CNN's Sciutto Frets Israelis Using 'Excessive Force,' Shooting 'Unarmed Protesters'

On Friday's Wolf show on CNN, during an interview with Israeli Ambassador to the U.S. Ron Dermer, substitute host Jim Sciutto cited a quote from State Department Spokesman John Kirby accusing Israeli security forces of using "excessive force" against Palestinians as he charged that Israelis have been using "live fire" to shoot at "unarmed protesters."

After the Israeli ambassador recalled that Palestinian protesters often are armed either with guns or engage in stone throwing with sometimes deadly results, Sciutto moved to bring up international criticism over Israeli settlements and pressed Dermer to admit that Israel bears some of the responsibility for the absence of peace negotiations with the Palestinian Authority.

After utilizing his first question to ask whether a visit from Secretary of State John Kerry would help calm the violence, Sciutto moved to bring up the charge of "excessive force." Sciutto:

Now, this meeting will come as you heard Secretary Kerry's spokesman, John Kirby, using the term "excessive force" earlier this week to describe some of the actions by Israeli security forces. I want to ask you specifically about this because we've been watching -- and Ben Wedeman is on the ground there as well -- the use of live fire in conflicts with unarmed protesters. In your view, is that justifiable use of force?

The Israeli ambassador began his response:

Well, these are not unarmed protesters. These are people who are sometimes using guns and they are throwing rocks that have killed Israelis many times. You know, on the eve of the Jewish New Year, an Israeli was killed driving home from a rock that was thrown by Palestinians. So let's understand you have violent protests, and Israel is using force in order to make sure that this thing does not get even further out of hand. And sometimes-

It also deserves to be noted that firebombs are also sometimes utilized by "protesters." The CNN host then jumped in to ask essentially the same question a second time:

Is live fire justifiable even if the others are not armed?

Dermer responded:

There are clear rules of engagement of how we do it, and Israel is a country of law, and we will respect the law, but sometimes you have violent protests. This is not some peaceful march somewhere. You saw those images on the screens where you have things on fire, you have gunshots, you have people attacking, and sometimes you have to take action in order to prevent this from getting out of control.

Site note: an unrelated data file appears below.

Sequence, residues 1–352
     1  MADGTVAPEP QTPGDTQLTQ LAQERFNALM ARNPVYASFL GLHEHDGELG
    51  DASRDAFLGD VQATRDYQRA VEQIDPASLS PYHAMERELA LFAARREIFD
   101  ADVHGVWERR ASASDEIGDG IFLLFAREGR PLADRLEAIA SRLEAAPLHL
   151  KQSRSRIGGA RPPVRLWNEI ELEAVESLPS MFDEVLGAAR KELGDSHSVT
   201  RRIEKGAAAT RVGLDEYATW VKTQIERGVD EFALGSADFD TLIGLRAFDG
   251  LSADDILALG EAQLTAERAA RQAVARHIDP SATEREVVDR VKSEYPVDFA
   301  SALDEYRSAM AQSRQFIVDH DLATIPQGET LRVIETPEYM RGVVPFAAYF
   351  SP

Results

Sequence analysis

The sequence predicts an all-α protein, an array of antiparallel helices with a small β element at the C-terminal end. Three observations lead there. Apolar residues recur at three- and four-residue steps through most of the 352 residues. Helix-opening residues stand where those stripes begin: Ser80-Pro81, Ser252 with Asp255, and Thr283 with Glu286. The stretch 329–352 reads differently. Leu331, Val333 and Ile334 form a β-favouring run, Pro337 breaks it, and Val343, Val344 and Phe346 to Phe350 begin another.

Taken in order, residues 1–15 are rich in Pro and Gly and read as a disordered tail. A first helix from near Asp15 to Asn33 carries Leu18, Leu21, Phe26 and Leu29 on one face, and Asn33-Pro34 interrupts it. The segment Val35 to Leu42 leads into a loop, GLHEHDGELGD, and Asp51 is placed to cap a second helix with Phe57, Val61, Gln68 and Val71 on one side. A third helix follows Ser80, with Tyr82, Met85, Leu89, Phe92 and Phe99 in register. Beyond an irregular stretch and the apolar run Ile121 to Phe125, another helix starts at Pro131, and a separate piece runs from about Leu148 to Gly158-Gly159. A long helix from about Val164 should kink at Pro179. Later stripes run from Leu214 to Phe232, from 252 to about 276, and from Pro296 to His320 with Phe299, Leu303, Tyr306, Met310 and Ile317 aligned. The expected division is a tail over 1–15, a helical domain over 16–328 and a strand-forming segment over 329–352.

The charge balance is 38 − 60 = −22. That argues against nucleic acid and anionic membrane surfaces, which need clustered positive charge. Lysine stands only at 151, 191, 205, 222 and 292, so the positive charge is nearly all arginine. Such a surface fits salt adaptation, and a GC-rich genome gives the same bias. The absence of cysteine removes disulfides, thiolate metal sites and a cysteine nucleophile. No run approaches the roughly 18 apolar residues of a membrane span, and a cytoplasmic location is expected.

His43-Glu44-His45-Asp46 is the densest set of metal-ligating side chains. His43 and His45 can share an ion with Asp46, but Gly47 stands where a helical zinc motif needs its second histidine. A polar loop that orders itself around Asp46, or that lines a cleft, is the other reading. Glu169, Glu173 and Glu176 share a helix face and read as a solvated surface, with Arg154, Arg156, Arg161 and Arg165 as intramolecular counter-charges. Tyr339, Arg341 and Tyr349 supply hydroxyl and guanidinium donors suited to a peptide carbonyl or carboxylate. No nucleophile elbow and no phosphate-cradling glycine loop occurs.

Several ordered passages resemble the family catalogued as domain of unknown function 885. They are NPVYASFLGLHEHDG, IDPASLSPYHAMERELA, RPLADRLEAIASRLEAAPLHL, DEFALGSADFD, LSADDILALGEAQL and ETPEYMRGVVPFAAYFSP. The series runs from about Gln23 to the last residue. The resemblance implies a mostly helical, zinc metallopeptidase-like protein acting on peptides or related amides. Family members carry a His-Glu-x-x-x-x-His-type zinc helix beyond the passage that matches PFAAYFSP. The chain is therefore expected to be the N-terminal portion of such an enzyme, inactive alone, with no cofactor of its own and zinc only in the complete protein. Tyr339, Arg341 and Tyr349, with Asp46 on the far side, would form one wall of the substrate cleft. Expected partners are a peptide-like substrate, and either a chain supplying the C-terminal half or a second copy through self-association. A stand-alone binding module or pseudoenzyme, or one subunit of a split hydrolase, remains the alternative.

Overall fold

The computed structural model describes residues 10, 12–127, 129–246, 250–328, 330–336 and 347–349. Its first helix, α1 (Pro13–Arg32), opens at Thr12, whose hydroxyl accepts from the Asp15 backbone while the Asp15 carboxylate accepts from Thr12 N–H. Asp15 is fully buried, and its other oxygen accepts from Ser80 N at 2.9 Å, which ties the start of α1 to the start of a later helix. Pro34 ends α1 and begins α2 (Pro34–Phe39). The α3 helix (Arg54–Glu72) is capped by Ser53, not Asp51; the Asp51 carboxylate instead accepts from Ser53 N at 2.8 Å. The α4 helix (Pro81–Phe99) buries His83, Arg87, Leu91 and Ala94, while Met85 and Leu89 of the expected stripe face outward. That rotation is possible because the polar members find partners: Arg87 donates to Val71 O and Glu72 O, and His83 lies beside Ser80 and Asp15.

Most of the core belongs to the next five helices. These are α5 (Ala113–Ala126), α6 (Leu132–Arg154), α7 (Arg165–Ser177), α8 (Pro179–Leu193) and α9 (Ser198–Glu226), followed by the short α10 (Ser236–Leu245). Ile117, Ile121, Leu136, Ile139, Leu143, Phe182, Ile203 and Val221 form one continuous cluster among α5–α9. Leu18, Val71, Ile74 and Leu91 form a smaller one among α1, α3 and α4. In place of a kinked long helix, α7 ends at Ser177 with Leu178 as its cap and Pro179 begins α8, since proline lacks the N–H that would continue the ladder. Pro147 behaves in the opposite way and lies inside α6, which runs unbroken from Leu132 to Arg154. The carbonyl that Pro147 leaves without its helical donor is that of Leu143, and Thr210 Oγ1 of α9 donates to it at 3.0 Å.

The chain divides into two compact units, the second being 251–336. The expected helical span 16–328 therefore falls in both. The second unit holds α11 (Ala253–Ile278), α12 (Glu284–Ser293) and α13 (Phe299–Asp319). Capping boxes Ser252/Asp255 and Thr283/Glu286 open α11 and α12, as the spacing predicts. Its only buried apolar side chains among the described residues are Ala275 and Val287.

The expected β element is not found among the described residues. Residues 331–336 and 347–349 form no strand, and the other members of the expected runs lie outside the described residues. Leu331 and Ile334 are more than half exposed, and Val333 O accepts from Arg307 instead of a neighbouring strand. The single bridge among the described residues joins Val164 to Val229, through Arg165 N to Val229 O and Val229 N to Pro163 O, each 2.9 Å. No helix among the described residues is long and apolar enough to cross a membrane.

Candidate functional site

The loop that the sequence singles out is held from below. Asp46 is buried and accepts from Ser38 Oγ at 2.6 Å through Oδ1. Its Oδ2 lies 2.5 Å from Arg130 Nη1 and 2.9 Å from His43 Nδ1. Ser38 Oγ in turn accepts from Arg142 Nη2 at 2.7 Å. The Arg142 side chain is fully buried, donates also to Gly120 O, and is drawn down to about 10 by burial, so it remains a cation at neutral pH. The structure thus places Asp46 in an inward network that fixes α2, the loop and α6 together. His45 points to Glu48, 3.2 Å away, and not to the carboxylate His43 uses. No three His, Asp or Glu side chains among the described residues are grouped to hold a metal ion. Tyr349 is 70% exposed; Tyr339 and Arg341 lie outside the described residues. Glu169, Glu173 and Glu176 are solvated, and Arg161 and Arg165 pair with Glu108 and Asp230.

But I want to say something. The spokesman of the State Department, he made it very clear yesterday that he does not think Israel has used excessive force in responding to any of these terrorist activities.

Sciutto then brought up suggestions by Secretary Kerry that construction within Israeli settlements has helped "inflame" tensions:

Well, I don't want to go anywhere near justifying this kind of violence, but I do want to get at this relationship here. Secretary of State John Kerry, he mentioned settlements recently as contributing to the tensions in the region, saying that Israel having expanded settlements in recent years. He didn't, you know, use that as justification for violence certainly and knife attacks, but he did use that to accuse Israel of helping inflame the situation. And I wonder what your response is to that?

After Dermer recalled that the conflict between Israelis and Palestinians has existed since well before any settlements existed, Sciuttto then made his final question asking for an admission of partial "responsibility." Sciutto:

Let me ask you this because it goes to the peace process. Let's talk about the conflict because no one is trying to justify terrorism, by any means. But do both sides share responsibility for -- I don't want to say the death of the peace process because who knows, it might be resurrected on any day -- but for the intransigence or the paralysis of the peace process. Do both sides share responsibility?

Below is a transcript of relevant portions of the Friday, October 16, Wolf show on CNN:

JIM SCIUTTO: First, this news you confirmed to us just moments ago, Secretary of State John Kerry now to meet with the Israeli prime minister in Europe next week, what effect do you believe he can have on the situation to calm now the tensions in Israel and the occupied territories?

(RON DERMER, ISRAELI AMBASSADOR TO THE U.S.)

SCIUTTO: Now, this meeting will come as you heard Secretary Kerry's spokesman, John Kirby, using the term "excessive force" earlier this week to describe some of the actions by Israeli security forces. I want to ask you specifically about this because we've been watching -- and Ben Wedeman is on the ground there as well -- the use of live fire in conflicts with unarmed protesters. In your view, is that justifiable use of force?

RON DERMER, ISRAELI AMBASSADOR TO THE U.S.: Well, these are not unarmed protesters. These are people who are sometimes using guns and they are throwing rocks that have killed Israelis many times. You know, on the eve of the Jewish New Year, an Israeli was killed driving home from a rock that was thrown by Palestinians. So let's understand you have violent protests, and Israel is using force in order to make sure that this thing does not get even further out of hand. And sometimes-